Rousaud said the agreement with the social media monitoring company might be corrupt, too, alleging that one million euros in payments, or about $1.1 million, were sliced into small slices so as not to trigger internal compliance mechanisms. “When we detected it, it was not normal at all,” said Rousaud, who said a committee he ran had responsibility for contracts above 200,000 euros.
“The club is clean, but this operation is dirty,” he said.
Barcelona reacted shortly after Rousaud first made his bombshell accusation that someone at the club “had their hand in the cash register.”
On Monday, Barcelona, in a statement, described Rousaud’s accusations as “grave and unfounded” and denied “any action that could be described as corruption.”
“F.C. Barcelona cannot tolerate allegations that seriously damage the institution’s image,” it said. The club said it was taking legal action against Rousaud “in defense of the honor of the club and its employees.”
In response, Rousaud, a 53-year-old Catalan businessman, doubled down on his claims of wrongdoing and insisted his lawyers had yet to inform him of any case brought against him by the club. “The club is saying I’m lying; I say that I have proofs and, no problem, my lawyers have said the club have not done anything against me,” Rousaud said.
Barcelona’s handling of the social media affair, known locally as Barçagate, has been disjointed. Details first emerged in late February. The club issued strong denials that it had hired the company for any activities beyond social media monitoring, but a group of board members, including Rousaud, succeeded in demanding that Bartomeu commission an audit firm, PwC, to conduct an internal investigation.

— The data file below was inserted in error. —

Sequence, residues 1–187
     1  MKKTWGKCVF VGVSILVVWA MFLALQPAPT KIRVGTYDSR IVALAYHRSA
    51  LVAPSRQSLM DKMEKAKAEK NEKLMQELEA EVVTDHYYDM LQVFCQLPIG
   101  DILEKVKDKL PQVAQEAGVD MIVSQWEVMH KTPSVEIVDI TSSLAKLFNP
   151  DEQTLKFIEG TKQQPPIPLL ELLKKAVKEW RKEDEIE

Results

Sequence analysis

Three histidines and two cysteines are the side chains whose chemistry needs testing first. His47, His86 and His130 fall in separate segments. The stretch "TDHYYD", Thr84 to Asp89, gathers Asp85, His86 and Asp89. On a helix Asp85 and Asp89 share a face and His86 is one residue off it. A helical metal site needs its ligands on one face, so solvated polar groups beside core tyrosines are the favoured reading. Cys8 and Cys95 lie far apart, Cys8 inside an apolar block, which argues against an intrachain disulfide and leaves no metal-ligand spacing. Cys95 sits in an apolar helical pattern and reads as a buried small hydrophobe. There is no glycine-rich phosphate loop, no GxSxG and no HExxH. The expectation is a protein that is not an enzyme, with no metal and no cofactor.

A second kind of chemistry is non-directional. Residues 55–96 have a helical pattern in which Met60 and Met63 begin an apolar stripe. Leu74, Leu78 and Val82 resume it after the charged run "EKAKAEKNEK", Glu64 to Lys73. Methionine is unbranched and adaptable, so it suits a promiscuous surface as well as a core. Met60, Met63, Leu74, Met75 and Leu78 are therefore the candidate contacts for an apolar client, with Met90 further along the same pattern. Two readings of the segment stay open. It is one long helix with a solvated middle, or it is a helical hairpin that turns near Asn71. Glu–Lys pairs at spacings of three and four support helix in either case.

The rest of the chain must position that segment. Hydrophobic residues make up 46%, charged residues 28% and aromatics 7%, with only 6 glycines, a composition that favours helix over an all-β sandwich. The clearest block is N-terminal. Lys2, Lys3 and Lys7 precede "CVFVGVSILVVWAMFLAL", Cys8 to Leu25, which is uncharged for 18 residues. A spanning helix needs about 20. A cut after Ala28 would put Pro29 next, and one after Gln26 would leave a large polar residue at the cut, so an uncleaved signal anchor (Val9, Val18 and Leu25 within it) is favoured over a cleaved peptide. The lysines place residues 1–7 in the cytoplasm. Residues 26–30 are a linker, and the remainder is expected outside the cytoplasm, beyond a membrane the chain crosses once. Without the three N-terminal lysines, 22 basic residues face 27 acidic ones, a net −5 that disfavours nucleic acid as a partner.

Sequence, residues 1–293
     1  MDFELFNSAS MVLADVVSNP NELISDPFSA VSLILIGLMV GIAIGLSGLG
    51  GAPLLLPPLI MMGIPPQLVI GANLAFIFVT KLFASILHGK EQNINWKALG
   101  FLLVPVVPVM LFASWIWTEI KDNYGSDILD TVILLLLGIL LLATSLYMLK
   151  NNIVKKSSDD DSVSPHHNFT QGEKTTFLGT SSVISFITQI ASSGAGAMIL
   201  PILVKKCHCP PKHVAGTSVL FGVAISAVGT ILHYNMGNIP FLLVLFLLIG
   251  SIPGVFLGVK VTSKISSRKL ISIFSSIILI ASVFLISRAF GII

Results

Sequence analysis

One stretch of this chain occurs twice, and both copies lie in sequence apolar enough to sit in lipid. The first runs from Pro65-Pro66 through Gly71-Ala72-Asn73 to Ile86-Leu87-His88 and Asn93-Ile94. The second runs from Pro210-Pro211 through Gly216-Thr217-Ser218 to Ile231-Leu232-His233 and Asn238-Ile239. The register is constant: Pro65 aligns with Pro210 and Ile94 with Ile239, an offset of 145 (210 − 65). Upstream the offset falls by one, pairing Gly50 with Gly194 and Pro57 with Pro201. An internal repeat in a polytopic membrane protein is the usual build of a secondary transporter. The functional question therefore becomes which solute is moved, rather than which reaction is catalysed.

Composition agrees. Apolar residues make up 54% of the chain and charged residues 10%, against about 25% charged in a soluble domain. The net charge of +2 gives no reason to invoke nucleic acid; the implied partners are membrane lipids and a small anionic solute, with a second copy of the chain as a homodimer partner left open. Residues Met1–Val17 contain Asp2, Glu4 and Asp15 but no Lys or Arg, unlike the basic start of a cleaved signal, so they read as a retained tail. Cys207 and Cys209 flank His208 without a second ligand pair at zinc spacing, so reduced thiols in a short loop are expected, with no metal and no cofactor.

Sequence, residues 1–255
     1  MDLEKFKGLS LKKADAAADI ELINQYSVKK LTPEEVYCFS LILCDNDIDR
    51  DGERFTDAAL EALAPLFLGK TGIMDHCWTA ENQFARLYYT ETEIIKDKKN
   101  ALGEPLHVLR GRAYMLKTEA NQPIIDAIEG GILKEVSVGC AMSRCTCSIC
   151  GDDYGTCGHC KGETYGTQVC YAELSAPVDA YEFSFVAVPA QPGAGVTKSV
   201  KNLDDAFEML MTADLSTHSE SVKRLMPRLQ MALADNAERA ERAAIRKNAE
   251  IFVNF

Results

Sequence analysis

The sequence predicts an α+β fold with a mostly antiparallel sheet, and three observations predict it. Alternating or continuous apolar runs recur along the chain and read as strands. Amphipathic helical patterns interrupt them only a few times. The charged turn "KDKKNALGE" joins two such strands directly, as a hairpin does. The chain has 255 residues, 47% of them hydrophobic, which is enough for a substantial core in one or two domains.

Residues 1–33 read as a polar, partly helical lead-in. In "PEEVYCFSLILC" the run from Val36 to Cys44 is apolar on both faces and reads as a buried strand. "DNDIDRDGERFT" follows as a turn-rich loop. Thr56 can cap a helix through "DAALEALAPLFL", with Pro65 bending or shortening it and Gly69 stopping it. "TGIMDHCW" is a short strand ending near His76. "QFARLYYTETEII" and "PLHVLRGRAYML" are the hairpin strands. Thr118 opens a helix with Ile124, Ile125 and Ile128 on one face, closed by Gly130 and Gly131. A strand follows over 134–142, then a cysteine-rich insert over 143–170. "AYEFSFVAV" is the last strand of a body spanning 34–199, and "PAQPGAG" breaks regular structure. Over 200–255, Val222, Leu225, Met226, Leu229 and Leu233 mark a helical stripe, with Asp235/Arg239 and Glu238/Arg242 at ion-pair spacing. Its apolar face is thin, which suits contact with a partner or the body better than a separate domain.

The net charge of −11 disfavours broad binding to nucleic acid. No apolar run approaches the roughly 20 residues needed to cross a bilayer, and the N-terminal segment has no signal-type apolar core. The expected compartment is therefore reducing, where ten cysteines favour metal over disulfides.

Bartomeu has shown little appetite to step aside, and moved in recent days to restructure the club’s board. He owes his elevation to the top job to a previous scandal. Bartomeu was a vice president of the club when Sandro Rosell was forced to resign as president in 2014 after an investigation into the hiring of the Brazilian star Neymar. Bartomeu was elected for a new term in 2016.
Since then, while the team, largely thanks to the brilliance of Messi, has performed respectably on the field — winning league titles — there have been a number of boardroom missteps, including several in the past months.